Monday, February 26, 2018

Tribute to Doctor Ashwin Pai Dhungat

Dr. Ashwin Pai Dhungat passed away peacefully in his sleep at home on June 14, 2017.

He was a family physician who graduated from NEOUCOM in 1997 and trained at Barberton Citizens Hospital.
He practiced medicine in Northeast Ohio for the last 17 years. He was born in New York City but was a world citizen, growing up in the United States and India.
He is survived by his mother, Asha; and his brother and sister-in-law, Asheesh and Vidya. He will be dearly missed by his niece, Tanya; and nephew Avnish, who he loved with all his heart.
He was preceded in death by his father, Avadhut.
He leaves behind an extended family in India as well as friends from all walks of life.
Funeral services were completed on June 16, 2017, at 11 a.m. at the Higgins-Reardon Funeral Home, Boardman-Canfield Chapel, where close family and friends along with his office staff attended the ceremony.
“We extend our heartfelt sympathy to all those people whose life he touched and know he will be dearly missed by one and all.”


Rip Dr Pai

“My husband and i became patients of Dr. Pai. My grandparents were his patients. He loved my GRAM. He used to look forward to seeing her car pull in the parking lot with her little green alien on the antenna. When my grandparents passed away, he came to their funerals. He was the best doctor my husband and i ever went to. He was funny. He will be truly missed by us. Nicole and Brian Agnes ”
 » Nicole and Brian Agnes on June 23, 2017

He was ONE of a kind !!

“Dear Mrs. Asha Pai Dhungat, Asheesh, Vidya & Tanya, Avnish....
And also to his office staff.. Nicole L. Dr Pai, was absolutely 'one of a kind' !!!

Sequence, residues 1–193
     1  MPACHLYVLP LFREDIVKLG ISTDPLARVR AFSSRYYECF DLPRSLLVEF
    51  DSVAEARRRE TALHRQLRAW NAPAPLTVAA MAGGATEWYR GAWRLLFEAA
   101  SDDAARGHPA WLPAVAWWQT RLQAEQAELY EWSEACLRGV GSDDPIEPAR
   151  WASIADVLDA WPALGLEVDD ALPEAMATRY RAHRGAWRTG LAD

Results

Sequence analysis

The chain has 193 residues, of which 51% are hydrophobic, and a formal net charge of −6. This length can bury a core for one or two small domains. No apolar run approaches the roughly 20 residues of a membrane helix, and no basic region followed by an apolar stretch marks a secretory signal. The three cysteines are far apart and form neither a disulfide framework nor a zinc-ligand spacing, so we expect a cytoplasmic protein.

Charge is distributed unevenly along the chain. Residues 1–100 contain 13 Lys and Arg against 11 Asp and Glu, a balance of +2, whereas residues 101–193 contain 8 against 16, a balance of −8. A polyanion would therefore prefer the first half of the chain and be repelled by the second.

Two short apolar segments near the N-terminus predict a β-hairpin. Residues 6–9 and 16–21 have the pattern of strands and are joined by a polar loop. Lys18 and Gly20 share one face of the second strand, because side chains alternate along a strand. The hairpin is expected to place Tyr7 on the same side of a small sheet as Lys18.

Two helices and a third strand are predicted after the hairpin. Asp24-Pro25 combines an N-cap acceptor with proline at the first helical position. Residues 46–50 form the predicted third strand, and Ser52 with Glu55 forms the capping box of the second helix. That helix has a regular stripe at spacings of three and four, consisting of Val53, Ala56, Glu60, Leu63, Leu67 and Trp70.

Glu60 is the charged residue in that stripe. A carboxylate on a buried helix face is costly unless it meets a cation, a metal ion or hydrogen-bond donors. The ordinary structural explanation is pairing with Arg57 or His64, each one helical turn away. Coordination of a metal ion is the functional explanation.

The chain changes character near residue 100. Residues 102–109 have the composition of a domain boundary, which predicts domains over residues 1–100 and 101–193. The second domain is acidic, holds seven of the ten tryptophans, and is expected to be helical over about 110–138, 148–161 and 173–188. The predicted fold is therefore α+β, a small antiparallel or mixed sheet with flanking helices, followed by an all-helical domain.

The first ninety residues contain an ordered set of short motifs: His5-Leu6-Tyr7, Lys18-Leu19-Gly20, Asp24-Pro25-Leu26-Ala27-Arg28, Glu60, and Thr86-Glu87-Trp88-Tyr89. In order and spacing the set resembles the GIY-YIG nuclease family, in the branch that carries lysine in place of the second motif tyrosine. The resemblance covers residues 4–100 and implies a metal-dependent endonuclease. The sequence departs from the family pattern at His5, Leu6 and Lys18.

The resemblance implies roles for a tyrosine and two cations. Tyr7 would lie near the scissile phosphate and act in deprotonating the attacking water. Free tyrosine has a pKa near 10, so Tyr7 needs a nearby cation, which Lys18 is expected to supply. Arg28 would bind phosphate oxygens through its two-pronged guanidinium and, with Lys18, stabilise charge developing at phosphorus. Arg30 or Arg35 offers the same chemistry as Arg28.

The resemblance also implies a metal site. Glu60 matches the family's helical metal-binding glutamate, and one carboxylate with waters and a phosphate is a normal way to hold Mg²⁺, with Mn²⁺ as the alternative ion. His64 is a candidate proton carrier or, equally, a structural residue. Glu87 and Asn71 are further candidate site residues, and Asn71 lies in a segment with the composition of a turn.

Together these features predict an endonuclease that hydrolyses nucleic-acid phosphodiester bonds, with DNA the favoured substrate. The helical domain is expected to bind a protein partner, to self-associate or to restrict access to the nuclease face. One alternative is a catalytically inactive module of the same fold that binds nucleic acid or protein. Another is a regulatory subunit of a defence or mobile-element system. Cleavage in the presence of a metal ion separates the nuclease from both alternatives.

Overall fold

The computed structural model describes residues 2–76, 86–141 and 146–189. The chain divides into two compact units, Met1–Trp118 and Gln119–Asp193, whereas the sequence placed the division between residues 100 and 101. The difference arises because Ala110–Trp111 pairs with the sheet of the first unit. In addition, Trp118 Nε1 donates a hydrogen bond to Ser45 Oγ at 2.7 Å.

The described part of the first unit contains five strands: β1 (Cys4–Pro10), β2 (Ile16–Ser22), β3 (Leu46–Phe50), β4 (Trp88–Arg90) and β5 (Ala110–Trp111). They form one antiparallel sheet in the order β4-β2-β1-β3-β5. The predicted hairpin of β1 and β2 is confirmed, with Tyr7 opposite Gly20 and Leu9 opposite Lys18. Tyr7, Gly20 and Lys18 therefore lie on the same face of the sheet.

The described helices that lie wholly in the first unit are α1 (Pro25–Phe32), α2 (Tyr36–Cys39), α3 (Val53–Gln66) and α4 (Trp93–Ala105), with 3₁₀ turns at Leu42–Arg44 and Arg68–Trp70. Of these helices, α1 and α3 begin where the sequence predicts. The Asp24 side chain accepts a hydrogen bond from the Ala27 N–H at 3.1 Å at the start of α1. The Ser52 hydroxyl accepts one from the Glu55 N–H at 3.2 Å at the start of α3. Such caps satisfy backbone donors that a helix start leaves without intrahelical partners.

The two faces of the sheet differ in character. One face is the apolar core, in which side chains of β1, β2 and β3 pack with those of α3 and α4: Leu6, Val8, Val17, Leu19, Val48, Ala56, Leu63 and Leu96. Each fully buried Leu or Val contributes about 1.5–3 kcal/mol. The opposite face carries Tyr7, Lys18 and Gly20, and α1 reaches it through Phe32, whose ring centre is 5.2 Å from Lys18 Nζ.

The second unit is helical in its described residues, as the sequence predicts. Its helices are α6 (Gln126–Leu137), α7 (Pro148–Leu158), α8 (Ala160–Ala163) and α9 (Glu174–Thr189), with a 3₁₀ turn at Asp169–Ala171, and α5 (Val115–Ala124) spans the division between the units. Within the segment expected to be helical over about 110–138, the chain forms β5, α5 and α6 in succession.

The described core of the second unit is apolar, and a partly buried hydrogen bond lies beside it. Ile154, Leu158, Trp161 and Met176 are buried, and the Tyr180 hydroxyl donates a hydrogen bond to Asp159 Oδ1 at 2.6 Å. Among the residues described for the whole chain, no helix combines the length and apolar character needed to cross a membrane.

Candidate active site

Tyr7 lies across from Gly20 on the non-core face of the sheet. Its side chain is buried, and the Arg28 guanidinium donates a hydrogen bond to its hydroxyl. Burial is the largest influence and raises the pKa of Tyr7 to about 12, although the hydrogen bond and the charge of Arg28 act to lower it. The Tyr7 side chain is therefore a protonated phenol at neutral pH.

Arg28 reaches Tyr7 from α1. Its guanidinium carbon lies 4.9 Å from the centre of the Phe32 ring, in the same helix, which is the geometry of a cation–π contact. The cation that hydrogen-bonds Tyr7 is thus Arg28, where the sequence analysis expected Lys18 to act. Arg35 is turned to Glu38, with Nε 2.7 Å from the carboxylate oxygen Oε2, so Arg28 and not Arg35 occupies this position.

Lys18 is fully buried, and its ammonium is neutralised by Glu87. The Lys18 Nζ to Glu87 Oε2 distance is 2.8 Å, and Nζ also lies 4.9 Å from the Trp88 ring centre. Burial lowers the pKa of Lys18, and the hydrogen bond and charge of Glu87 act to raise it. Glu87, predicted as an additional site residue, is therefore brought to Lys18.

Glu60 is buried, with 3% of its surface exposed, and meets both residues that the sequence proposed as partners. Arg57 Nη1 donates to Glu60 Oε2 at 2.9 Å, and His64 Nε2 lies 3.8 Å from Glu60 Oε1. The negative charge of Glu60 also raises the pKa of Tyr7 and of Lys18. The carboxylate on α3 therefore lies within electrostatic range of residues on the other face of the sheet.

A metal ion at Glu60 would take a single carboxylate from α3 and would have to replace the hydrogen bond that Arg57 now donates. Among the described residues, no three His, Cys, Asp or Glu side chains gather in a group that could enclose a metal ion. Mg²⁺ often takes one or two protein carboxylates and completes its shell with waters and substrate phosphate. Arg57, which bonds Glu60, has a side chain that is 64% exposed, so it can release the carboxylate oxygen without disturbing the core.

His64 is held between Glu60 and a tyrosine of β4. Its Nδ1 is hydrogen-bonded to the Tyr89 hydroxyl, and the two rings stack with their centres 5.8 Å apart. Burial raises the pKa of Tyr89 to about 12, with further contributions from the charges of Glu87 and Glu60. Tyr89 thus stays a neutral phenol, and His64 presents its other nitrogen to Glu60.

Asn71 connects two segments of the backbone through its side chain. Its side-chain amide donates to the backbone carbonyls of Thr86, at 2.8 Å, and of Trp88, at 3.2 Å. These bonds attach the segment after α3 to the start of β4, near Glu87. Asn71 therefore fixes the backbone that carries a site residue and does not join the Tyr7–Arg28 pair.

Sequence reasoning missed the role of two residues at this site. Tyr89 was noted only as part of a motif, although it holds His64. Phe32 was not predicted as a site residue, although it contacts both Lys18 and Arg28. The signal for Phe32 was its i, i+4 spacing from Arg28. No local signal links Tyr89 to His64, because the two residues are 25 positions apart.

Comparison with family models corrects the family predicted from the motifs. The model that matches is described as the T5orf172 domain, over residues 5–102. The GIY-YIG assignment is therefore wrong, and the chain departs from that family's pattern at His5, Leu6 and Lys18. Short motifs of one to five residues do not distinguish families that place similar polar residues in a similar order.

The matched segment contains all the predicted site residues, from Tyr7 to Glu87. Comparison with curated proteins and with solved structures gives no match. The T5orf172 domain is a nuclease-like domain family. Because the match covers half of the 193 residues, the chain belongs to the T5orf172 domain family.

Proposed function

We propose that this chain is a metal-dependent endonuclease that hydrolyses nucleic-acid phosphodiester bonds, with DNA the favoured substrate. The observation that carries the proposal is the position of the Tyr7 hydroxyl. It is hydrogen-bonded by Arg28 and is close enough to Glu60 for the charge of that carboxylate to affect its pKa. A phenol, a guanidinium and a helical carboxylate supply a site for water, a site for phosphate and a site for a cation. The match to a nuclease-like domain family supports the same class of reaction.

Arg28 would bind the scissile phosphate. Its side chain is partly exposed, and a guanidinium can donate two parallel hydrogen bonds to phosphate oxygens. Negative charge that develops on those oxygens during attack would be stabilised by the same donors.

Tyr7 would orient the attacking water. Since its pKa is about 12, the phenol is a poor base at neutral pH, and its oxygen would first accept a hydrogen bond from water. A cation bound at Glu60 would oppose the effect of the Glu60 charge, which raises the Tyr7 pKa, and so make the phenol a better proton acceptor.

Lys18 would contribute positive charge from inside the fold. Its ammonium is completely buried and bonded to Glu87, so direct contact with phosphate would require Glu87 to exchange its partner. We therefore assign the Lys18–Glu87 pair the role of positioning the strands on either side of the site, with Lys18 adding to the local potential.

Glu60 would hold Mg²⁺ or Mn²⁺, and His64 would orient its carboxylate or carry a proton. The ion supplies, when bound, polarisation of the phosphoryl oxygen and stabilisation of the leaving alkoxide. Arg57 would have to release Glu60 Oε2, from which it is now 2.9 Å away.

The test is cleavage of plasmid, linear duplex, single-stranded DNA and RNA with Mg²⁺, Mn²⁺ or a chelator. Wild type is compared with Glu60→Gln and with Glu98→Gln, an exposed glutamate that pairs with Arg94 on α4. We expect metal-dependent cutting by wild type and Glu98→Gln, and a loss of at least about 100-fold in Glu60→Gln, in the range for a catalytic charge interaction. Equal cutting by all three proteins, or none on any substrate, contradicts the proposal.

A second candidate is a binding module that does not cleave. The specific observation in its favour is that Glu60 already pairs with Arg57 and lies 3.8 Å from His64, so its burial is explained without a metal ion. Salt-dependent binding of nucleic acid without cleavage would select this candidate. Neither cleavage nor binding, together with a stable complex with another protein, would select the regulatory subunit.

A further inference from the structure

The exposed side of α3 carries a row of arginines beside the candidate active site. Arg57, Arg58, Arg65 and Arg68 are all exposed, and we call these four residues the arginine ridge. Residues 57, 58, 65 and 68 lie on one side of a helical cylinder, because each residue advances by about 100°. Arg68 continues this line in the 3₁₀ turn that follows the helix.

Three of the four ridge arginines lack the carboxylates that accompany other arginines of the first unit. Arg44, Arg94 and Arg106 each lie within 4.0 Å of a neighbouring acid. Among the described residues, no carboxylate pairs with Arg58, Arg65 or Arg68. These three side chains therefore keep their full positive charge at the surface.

I first met him when he was with the Twinsburg Cleveland Clinic Urgent care. My Mom, Margaret started seeing him in 2008. He took CARE of our entire family. When my dad was in Anna Marie of Aurora, a nurse was at the desk, and said to Dr Pai, I'll look up Margaret's number for you to phone her. He said, no need... he KNEW her number because he'd called her so frequently to inform her of dad.
In fact when Dad passed on in Nov of 2009 AND when we unexpectedly lost Mom in Feb of 2010, Dr Pai came to both of their wakes. A DOCTOR to come to pay his respects to the family in the passing of a patient... UNHEARD of these days. That was just the ONE OF A KIND man he was. As my daughter shared, he looked for Mom's green alien on her car. Please know you will all be in our prayers. Debra, Michael, Kevin & Mary Estep ”

 » Debra Estep & Family on June 23, 2017


 Doctor Ashwin Pai Dhungat was born in the state of New York, March 13, 1973.

As I said in the online tribute I left for him, I first met him while he was
working with the Cleveland Clinic at the Twinsburg Urgent Care Center.
(The center has since closed down due to the new Cleveland Clinic offices

and Emergency center that was built in Twinsburg).
Our youngest child, Kevin was his usual patient at the urgent care, but my

husband, Michael and myself were also seen there by him. 

He was the perfect blend of a physician, caring and compassionate and
also quite direct when he wanted to make a medical point.